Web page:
Volume 10, Issue 2
In and Out
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Staff and Contributors
T R O T T ' S C O R N E R
Carrying Out and Monitoring Searches
A practical, relevant question for carrying out searches concerns the dependence on the pool size. This simple example shows a trend that is also visible in much larger pool sizes--a high sensitivity to the actual pool size. This sensitivity occurs because a sequence that at iteration shows a relatively poor performance might show a much better performance at iteration . When the pool size is not large enough, this sequence might be discarded too early. In general, the larger the pool size the better the results. But the larger the pool size, the longer the search will run and with pool sizes too large, we might run out of memory.
For nonsimple continued fractions we see a similar, non-monotonic dependence on the pool size.
Here a larger search is carried out. We do not restrict the possible initial sequences and use a pool size of 1000.
We achieved about 60 coinciding digits in about 15 minutes. The next three graphics show the number of coinciding digits of the optimal sequence, the number of different groups of sequences with different initial six digits, and the position of the first different digit across the pool of sequences as a function of the iteration number. We see that on average we gain a constant number of digits per iteration as long as we gain digits. We also see how the numbers in the pool converge towards a single number.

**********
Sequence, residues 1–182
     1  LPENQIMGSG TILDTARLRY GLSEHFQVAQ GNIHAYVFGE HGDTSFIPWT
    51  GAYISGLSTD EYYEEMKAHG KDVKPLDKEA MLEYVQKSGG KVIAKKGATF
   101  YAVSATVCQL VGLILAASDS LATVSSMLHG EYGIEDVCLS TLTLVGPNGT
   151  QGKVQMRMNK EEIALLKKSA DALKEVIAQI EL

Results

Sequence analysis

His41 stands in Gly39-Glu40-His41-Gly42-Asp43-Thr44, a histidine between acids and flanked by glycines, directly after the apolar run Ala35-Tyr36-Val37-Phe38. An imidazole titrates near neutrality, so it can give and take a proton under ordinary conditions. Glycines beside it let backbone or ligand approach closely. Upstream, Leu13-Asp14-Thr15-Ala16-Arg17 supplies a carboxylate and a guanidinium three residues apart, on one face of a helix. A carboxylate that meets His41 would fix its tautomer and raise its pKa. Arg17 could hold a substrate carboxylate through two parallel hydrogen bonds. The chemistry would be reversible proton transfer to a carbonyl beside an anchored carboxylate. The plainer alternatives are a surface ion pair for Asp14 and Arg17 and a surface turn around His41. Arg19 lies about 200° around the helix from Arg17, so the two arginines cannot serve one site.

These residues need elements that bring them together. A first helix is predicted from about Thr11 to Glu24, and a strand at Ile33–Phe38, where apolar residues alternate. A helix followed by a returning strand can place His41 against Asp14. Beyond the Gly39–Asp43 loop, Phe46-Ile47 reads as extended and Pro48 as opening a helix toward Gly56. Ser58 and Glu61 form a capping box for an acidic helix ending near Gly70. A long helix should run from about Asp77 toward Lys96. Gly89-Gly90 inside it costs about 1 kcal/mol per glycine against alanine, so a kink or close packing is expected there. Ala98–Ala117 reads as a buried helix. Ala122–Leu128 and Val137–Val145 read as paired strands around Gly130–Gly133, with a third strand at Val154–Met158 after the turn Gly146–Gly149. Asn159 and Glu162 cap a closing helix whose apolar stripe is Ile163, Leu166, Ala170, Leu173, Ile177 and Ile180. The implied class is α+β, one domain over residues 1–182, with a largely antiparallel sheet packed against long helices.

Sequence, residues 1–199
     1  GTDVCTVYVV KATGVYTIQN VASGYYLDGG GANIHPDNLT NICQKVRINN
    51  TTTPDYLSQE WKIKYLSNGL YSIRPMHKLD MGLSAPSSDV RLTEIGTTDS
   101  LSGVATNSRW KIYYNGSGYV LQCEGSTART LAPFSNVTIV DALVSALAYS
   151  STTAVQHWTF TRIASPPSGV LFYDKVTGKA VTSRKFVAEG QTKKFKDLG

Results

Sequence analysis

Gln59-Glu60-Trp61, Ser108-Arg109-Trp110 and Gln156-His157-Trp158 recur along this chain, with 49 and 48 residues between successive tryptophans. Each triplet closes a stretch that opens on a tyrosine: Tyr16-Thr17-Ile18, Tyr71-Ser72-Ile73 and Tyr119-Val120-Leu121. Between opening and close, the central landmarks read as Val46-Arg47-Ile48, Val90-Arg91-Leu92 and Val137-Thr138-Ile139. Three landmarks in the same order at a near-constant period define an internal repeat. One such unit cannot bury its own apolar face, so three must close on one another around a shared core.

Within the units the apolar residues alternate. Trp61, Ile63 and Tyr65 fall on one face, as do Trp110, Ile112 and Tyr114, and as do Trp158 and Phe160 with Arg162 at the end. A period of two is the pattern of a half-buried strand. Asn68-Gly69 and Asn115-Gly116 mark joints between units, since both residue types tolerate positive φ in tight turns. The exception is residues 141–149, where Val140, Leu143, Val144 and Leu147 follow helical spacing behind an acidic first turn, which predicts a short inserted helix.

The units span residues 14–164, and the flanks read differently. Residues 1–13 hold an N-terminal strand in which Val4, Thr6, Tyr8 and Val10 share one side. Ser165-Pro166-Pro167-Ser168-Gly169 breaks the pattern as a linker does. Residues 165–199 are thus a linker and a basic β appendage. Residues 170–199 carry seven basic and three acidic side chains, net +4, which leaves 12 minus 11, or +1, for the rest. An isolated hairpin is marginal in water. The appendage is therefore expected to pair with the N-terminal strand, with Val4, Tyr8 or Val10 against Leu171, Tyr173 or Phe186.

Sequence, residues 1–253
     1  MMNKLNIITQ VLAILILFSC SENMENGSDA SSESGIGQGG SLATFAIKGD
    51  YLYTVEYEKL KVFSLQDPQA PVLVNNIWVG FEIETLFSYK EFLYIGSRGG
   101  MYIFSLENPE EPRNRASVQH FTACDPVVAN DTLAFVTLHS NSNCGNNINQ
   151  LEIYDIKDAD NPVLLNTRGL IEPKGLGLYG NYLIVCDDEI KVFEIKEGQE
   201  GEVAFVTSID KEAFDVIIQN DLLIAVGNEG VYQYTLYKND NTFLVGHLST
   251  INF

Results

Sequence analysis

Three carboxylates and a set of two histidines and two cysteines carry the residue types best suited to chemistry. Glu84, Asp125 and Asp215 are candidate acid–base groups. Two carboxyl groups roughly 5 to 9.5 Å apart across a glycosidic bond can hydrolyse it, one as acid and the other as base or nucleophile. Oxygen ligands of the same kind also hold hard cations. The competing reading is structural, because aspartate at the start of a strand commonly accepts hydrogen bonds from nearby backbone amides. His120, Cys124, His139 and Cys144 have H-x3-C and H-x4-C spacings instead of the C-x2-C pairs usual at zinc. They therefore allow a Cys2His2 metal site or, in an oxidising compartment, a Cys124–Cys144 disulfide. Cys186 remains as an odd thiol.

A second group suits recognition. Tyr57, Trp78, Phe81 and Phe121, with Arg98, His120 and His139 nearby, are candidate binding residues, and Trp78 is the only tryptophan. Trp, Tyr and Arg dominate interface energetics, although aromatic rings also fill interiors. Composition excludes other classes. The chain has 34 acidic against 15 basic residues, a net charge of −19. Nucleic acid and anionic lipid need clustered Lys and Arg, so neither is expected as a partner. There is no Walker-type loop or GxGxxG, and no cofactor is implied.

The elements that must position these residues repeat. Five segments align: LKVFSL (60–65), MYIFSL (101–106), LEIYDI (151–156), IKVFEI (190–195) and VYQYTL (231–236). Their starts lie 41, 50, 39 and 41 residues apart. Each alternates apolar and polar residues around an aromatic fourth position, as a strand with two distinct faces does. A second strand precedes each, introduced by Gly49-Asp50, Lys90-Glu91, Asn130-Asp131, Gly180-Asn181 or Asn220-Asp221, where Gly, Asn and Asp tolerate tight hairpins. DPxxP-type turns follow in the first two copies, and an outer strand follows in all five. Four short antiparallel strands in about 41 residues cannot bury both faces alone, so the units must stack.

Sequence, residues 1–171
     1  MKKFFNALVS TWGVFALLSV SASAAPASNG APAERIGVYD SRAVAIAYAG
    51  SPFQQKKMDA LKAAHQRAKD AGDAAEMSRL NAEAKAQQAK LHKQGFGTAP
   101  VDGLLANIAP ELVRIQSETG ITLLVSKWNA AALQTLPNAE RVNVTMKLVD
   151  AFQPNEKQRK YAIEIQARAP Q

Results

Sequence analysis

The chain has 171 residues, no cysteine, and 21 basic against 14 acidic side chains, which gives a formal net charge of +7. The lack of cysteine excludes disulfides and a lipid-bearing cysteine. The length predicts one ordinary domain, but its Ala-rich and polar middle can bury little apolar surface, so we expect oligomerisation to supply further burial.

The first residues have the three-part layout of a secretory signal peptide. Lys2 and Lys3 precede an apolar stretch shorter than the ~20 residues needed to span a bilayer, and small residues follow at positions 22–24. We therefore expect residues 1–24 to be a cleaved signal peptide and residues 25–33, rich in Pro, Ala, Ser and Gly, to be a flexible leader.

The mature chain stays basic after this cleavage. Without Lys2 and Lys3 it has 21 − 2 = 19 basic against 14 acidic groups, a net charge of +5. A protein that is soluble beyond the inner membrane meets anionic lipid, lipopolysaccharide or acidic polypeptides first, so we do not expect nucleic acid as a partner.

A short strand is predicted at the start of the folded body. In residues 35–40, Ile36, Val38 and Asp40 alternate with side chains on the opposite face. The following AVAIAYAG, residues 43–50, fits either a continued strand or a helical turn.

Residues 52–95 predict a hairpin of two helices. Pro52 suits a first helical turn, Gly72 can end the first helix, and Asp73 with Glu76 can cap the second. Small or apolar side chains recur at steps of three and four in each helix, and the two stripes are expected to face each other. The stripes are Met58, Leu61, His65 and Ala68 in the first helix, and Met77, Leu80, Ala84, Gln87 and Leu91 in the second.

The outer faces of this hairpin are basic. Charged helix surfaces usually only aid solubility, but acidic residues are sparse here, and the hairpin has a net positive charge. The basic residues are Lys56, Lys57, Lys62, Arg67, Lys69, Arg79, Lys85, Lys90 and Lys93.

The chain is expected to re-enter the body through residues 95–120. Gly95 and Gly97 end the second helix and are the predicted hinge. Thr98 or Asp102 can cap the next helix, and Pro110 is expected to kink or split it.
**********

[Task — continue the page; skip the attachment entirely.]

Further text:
And here is the equivalent of the last calculation for nonsimple continued fractions. Again we use a pool size of 1000. This time, we obtain more than 100 identical digits. And again we see on average a linear increase in the digits gained as well as convergence on one final number (after about 40 iterations).
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